January 17, 2019
By David J. Oberly
Is a purchaser of contaminated property on the hook for environmental cleanup costs that take place prior to the time the property was acquired? In Pennsylvania Dept. of Environmental Protection v. Trainer Custom Chemical, LLC, No. 1702607 (3d Cir. Oct. 5, 2018), the Third Circuit Court of Appeals recently considered this issue issue—and answered the question in the affirmative—holding that a current owner of real property is liable under both the Comprehensive Environmental Response, Compensation, and Liability Act (CERCLA) and Pennsylvania’s Hazardous Sites Cleanup Act (HSCA) for all response costs in an environmental cleanup, including those costs incurred prior to the landowner’s purchase of the contaminated property. The Third Circuit’s decision is a noteworthy one—and one that undoubtedly has a significant impact on entities considering the purchase of property where hazardous substances have been released—as such purchasers run the significant risk of being on the hook for the entirety of the cost to remediate the contaminated property, including even those costs that were incurred prior to the time the buyer assumed ownership of the property.
Trainer Custom Chemical, LLC acquired a property located in Trainer Borough, Pennsylvania, from Stoney Creek Technologies after Pennsylvania’s Department of Environmental Protection (PADEP) had already incurred over substantial, unreimbursed environmental cleanup costs at the site. In addition, the cleanup costs continued to mount following Trainer’s acquisition of the property, adding to the costs incurred by PADEP.
PADEP sued Trainer and the two principals for violations of CERCLA and HSCA (Pennsylvania’s state law counterpart to CERCLA), and sought to recover all of its response costs related to the site, regardless of when those costs arose. On appeal, the Third Circuit was required to determine whether the owner of a piece of land (in this case, Trainer) is liable for the costs of an environmental cleanup that took place there before the owner acquired it. Section 107(a) of CERCLA provides that “the owner . . . of . . . a facility . . . shall be liable for . . . all costs of removal or remedial action incurred by . . . a State . . . not inconsistent with the national contingency plan[.]” Section 107(a)(4)(A) of CERCLA gives states “the right to recover costs incurred in cleaning up a waste site from ‘potentially responsible parties’ (PRPs)—four broad classes of persons who may be held strictly liable for releases of hazardous substances that occur at a facility.” The first of those four classes of PRPs is the owner or operator of a facility.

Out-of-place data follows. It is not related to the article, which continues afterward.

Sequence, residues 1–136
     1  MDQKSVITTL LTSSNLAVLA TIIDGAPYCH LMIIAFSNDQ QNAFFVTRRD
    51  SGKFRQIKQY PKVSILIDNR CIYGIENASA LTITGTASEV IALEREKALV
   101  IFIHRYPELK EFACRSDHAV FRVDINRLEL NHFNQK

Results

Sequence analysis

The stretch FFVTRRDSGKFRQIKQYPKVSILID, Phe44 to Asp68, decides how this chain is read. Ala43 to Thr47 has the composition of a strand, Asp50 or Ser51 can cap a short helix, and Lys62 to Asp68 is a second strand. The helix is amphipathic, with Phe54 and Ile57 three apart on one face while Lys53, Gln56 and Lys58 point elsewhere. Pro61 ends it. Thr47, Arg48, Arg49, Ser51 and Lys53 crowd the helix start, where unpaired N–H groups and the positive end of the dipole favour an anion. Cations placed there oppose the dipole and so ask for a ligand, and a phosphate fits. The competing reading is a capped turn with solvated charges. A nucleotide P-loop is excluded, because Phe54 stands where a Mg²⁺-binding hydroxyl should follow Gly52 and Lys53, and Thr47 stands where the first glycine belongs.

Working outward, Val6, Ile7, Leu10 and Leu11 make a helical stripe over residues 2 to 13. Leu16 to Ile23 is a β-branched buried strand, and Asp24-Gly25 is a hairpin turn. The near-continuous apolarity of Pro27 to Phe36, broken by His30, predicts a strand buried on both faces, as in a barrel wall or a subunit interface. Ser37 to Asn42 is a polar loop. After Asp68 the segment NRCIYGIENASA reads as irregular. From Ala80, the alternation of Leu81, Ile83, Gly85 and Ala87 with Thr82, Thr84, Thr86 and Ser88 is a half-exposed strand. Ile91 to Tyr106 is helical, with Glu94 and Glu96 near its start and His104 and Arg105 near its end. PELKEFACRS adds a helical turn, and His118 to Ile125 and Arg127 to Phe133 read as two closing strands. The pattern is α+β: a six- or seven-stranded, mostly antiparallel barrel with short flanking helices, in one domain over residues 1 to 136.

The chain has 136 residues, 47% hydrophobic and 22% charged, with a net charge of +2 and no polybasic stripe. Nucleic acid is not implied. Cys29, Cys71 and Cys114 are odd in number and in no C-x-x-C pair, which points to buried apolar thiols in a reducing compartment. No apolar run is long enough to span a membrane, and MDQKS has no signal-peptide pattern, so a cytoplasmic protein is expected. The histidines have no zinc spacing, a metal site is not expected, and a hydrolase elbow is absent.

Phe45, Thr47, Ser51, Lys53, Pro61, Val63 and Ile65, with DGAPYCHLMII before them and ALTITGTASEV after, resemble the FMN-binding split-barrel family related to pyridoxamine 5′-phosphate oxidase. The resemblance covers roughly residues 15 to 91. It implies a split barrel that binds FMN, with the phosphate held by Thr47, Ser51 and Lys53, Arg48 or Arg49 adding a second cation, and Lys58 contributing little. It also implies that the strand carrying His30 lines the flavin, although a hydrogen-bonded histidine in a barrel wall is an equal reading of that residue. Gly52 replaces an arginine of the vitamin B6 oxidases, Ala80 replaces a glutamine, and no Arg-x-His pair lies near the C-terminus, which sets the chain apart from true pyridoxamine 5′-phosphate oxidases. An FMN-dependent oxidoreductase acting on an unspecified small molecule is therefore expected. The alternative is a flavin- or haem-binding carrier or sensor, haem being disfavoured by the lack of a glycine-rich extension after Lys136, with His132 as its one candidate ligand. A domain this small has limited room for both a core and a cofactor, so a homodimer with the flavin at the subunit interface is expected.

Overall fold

The Court answered this question with a resounding yes, finding that—given the structure and text of CERCLA—a current owner under § 107(a)(1) is indeed liable for all response costs, whether incurred before or after acquiring the property. As such, the court held that Trainer was liable for the removal costs at the site, regardless of when those costs were incurred, making it liable under both CERCLA and HSCA.
The Trainer decision is significant for both prospective purchasers and current owners of contaminated property, as the opinion makes crystal clear that property owners and developers may be responsible for all environmental cleanup costs for a given property, even if those costs were incurred prior to the time the property was acquired. As such, prospective buyers of contaminated property must now consider not only the possibility that they may be responsible for cleaning up contamination that was not caused by the buyer, but also that they can be on the hook for reimbursing the government for the entirety of response costs incurred at the property, including those incurred prior to the buyer’s purchase of the property.
In addition, the Trainer opinion also clearly illustrates the importance of environmental due diligence in real estate transactions, which is essential in order to determine a property’s history and condition, as a purchaser of property will assume responsibility for the entirety of the property’s environmental history unless appropriate precautions are taken by the purchaser. Similarly, parties must be extremely cautious and careful during the drafting phase of the transactional process to avoid the potential pitfalls posed by commercial sites, which can be minimized or extinguished through the use of appropriate indemnification, risk shifting, or cost-allocation measures.
David J. Oberly is an associate in Blank Rome LLP’s Cincinnati office where he focuses his practice on all aspects of environmental law, including litigation and enforcement, compliance and regulatory advice, due diligence and transactional advice, policy development, and business transactions. He may be reached at email@example.com.